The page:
George Washington Carrier Strike Group Begins Patrol, Increases Maritime Security

By Mass Communication Specialist Seaman Brian Sloan

Rear Adm. John Alexander commander, Task Force 70, podium, addresses members of the media prior to the ship's departure for its 2015 patrol. George Washington and its embarked air wing, Carrier Air Wing (CVW) 5, provide a combat-ready force that protects and defends the collective maritime interests of the U.S. and its allies and partners in the Indo-Asia-Pacific region. U.S. Navy photo by Mass Communication Specialist Seaman Brian Sloan/Released)

Rear Adm. John Alexander commander, Task Force 70, podium, addresses members of the media prior to the ship’s departure for its 2015 patrol. George Washington and its embarked air wing, Carrier Air Wing (CVW) 5, provide a combat-ready force that protects and defends the collective maritime interests of the U.S. and its allies and partners in the Indo-Asia-Pacific region.
U.S. Navy photo by Mass Communication Specialist Seaman Brian Sloan/Released)

YOKOSUKA, Japan – The Nimitz-class aircraft carrier USS George Washington (CVN 73) departed Fleet Activities Yokosuka, Japan, for its patrol of the Indo-Asia-Pacific region as the flagship for the George Washington Carrier Strike Group (GWCSG), May 18.

George Washington served as the U.S. Navy’s forward deployed aircraft carrier for seven years and is currently scheduled to conduct a hull swap with the Nimitz-class aircraft carrier USS Ronald Reagan (CVN 76) this summer.

“On behalf of my crew, we are grateful for the friendships we have shared while forward-deployed in Yokosuka,” said Capt. Timothy Kuehhas, George Washington’s commanding officer. “USS George Washington will now begin a journey, which will end in Virginia, but some of the crew of USS George Washington will transfer to Reagan during our voyage.”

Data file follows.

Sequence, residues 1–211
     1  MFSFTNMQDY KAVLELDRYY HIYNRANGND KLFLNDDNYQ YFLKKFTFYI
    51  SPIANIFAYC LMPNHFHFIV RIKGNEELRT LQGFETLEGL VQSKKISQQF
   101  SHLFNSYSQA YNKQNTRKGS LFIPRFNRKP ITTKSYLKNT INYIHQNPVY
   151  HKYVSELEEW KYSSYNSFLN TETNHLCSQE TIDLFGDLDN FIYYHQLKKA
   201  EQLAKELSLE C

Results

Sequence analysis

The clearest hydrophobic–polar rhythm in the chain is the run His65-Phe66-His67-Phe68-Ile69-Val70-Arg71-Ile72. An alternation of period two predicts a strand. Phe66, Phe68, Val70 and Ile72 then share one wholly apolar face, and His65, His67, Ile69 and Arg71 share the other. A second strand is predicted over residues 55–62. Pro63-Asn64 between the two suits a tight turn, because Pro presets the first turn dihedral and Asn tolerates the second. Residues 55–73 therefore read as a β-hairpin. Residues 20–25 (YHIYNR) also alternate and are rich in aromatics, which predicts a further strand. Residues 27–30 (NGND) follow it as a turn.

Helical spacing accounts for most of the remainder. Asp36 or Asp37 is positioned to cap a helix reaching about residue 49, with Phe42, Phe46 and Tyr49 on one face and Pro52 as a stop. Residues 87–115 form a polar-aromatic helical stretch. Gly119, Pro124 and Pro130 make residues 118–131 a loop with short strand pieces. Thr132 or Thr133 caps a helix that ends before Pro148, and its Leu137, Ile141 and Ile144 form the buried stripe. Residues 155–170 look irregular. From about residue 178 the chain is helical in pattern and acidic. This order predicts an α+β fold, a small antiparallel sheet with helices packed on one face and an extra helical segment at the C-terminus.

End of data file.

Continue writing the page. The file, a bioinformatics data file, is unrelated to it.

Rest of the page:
As George Washington departs, Ronald Reagan is scheduled to return as the U.S. Navy’s next forward-deployed aircraft carrier.

“As George Washington departs today, rest assured, we will return with Ronald Reagan to maintain our commitment to security within the region,” said Rear Adm. John Alexander commander, GWCSG. “I look forward to continued teamwork with our Japanese allies across a broad range of regional and global issues.”

Sailors aboard the Nimitz-class aircraft carrier USS George Washington (CVN 73) spell out goodbye in Japanese on the ship's flight deck for the Japanese Self-Defense Force Izumo-class helicopter destroyer JS Izumo (DDH-183) as George Washington departs for its 2015 patrol. U.S. Navy photo by Mass Communication Specialist Seaman Matthew Riggs/Released)

Sailors aboard the Nimitz-class aircraft carrier USS George Washington (CVN 73) spell out goodbye in Japanese on the ship’s flight deck for the Japanese Self-Defense Force Izumo-class helicopter destroyer JS Izumo (DDH-183) as George Washington departs for its 2015 patrol.
U.S. Navy photo by Mass Communication Specialist Seaman Matthew Riggs/Released)

GWCSG returned to sea with the Ticonderoga-class guided-missile cruiser USS Antietam (CG 54), Arleigh Burke-class guided-missile destroyers USS Fitzgerald (DDG 62) and USS Preble (DDG 88) and its embarked air wing, Carrier Air Wing (CVW) 5, which consists of Strike Fighter Squadron (VFA) 27, VFA-102, VFA-115, VFA-195, Electronic Attack Squadron 141, Carrier Airborne Early Warning Squadron 115, Fleet Logistics Support Squadron 30, Detachment 5, Helicopter Maritime Strike Squadron 77 and Helicopter Sea Combat Squadron 12.

GWCSG provides a combat-ready force that protects and defends the collective maritime interests of its allies and partners in the Indo-Asia-Pacific region.

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